A church needs a safeguarding policy and all church leaders and helpers need training to protect themselves and the kids – not negotiable. If you’re not sure you’re doing it right checkout CCPAS, if you know the policy but want some practical advice see my friend Hannah’s Blog on the subject here.

This month

Next week is the start of Ramadan, a month where Muslims across the world will be fasting and praying that they will grow closer to God. What a great prayer! And we know that many of them will be earnestly seeking:

Ask and it will be given to you; seek and you will find; knock and the door will be opened to you. – Matt 7:7

We know from experience that Jesus answers this prayer – he did it for us! And through the word of God and the person of Jesus he continues to reveal himself to us.

It’s a great idea to encourage the children and young people in your church to pray too: Firstly for their Islamic friends; that God would answer their prayers and reveal himself to them during this month. Secondly for those witnessing in Muslim countries where living differently can make their beliefs more obvious and their lives more dangerous.

Unrelatedly I’m having a month off, both so that I can travel and catch up with old friends without this nagging feeling that I should be producing something for the blog and so that I can start on a new and exciting project… More on that story much, much, much later!

While I’m gone have a browse of the youth work, Sunday School stuff and How to…s using the menu at the top of the page – Enjoy!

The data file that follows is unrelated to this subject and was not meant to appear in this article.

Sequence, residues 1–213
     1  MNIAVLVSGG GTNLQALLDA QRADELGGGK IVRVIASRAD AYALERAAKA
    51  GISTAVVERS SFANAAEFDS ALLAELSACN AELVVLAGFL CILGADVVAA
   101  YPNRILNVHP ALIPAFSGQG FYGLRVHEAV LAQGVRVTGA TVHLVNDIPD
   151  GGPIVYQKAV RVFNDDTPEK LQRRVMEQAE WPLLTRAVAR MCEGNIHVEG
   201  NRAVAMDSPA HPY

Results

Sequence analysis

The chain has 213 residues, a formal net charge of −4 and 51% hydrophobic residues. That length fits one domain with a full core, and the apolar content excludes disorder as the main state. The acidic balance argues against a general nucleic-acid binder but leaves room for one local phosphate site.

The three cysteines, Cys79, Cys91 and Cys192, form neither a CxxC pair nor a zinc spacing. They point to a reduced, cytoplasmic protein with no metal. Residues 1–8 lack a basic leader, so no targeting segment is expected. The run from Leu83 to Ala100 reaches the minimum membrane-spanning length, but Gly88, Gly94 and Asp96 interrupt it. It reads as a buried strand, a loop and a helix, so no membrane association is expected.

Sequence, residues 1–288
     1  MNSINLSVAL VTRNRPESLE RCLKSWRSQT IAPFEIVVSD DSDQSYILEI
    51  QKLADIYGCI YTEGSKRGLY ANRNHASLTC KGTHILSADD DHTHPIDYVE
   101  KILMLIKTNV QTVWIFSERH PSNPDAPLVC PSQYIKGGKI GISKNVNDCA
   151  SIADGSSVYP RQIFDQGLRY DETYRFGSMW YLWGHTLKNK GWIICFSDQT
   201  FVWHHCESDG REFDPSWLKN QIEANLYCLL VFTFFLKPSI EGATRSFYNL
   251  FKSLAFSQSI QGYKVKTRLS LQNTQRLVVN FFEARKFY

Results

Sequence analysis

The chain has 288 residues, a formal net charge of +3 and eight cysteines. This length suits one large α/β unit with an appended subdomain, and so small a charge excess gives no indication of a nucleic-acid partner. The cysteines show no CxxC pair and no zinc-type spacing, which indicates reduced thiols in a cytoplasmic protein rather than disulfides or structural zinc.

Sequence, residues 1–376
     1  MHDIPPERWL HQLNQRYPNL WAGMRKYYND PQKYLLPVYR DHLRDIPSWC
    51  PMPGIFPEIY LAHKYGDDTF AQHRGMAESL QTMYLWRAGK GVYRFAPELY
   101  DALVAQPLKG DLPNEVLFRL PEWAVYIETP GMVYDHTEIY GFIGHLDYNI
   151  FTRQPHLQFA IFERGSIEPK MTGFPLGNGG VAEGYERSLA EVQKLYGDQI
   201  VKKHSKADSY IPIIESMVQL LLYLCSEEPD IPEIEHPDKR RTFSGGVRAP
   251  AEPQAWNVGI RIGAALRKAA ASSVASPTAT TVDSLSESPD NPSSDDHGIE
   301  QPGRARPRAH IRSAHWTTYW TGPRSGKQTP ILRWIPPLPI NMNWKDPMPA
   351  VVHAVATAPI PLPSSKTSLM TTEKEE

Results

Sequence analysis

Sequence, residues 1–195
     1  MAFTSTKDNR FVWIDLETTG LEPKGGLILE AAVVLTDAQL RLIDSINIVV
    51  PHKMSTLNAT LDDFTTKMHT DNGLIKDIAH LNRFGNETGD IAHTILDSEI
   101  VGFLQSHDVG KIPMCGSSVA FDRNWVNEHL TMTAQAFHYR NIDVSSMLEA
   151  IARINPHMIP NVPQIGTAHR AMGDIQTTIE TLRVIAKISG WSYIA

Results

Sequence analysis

A little bit crafty:

With toddlers

and with lots of paper plates

So I confessed previously that my idea of a craft is to stick something on a paper plate: you can see for yourself how true that is here. I’ve uploaded simple crafts to accompany each Bible story and 5/8 involve paper plates: I prefer to think about it as innovative-with-my-resources rather than stuck-in-a-rut.
I’ve also added powerpoints to help engage the kids while you tell the story: I’ve been learning them and using the ppt to prompt me but you could read it while pointing out things in the pictures or print them out with the words on the back; whichever you prefer!

Updating 20%…

8 Great Rescue Stories

for playgroups and crèches

Last week I posted 8 rescue stories written for, and tried out on, 0-4 year olds and their caregivers. This week I thought I’d add the song powerpoints and the toys we used to fit in with the theme…

Then I realised it’d be the looooooooooooongest page in the world.

So you can now click here for the list of Bible stories in that series and then click on the name for all the details. Currently I’ve only got as far as God’s Big Boat (Noah) and God’s Way Out (The Red Sea). More to come soon…

:Edit: Update on the update; they’re all updated to the same pre-craft and powerpoint stage now!

New Material!

For Preschool Playgroups

and Church Crèches and other alliterative toddler groups

(I’ll be honest with you – even if the group isn’t alliterative you can still use this.)Right now we have 8 Old Testament Rescue stories written especially for – and tested on – 0-4 year olds. I’ll be adding re-worded songs, toy suggestions and crafts which reflect the theme of each story over the next few weeks (so subscribe below). As well as a ‘How to…’ on running one. You can check out our other How to…s here, there are some useful for any age ones on inclusion.

It’s Autism Awareness Month in the USA

Here are some ideas

for how to make your Sunday School class more autism friendly

There’s never going to be an exhaustive list of ‘things to do’ nor will those things work for every child – I’ve compiled this list of maybe-this-or-maybe-that type things that I’ve found useful to think about when working with autistic kids.

Even if you don’t have any autistic kids in your Youth Group or Sunday School it’s good to think about what changes you can make now to make your space more welcoming for a visitor or a new kid who might struggle otherwise. And there are definitely some changes you won’t be able to make until you know the young person in question – don’t worry about it. You’re communicating God’s love to them, and their parents, by trying – as with any other situation any mistakes you make are not bigger than his grace!